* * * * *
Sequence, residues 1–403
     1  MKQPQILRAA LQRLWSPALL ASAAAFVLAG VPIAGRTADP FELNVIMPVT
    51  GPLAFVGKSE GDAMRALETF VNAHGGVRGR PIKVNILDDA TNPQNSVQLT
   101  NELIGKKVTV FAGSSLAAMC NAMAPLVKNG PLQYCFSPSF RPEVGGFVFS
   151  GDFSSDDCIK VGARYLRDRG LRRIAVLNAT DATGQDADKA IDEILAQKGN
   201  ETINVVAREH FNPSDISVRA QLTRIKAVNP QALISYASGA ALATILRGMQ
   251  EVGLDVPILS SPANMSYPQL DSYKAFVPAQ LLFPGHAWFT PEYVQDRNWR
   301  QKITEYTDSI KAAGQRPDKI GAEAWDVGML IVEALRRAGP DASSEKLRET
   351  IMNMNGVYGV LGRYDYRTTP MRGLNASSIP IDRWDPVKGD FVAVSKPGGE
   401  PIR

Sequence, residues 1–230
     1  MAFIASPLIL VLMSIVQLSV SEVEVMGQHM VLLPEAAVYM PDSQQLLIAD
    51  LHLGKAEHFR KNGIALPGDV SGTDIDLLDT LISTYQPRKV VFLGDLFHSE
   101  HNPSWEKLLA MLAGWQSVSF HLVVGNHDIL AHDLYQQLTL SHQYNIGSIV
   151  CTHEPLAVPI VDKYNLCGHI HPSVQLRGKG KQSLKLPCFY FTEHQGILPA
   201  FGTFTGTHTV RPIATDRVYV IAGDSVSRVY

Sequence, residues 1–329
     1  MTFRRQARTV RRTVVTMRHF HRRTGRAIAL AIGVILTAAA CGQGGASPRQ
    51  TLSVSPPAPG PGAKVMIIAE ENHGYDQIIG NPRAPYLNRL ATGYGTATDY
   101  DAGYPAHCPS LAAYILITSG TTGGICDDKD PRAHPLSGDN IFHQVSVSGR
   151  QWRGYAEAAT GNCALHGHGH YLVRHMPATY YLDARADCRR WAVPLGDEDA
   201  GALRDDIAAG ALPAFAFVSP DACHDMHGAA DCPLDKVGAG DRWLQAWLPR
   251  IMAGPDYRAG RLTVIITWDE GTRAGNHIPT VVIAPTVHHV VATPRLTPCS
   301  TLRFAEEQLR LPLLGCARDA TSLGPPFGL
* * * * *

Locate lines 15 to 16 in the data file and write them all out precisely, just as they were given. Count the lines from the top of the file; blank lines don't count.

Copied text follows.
   151  CTHEPLAVPI VDKYNLCGHI HPSVQLRGKG KQSLKLPCFY FTEHQGILPA
   201  FGTFTGTHTV RPIATDRVYV IAGDSVSRVY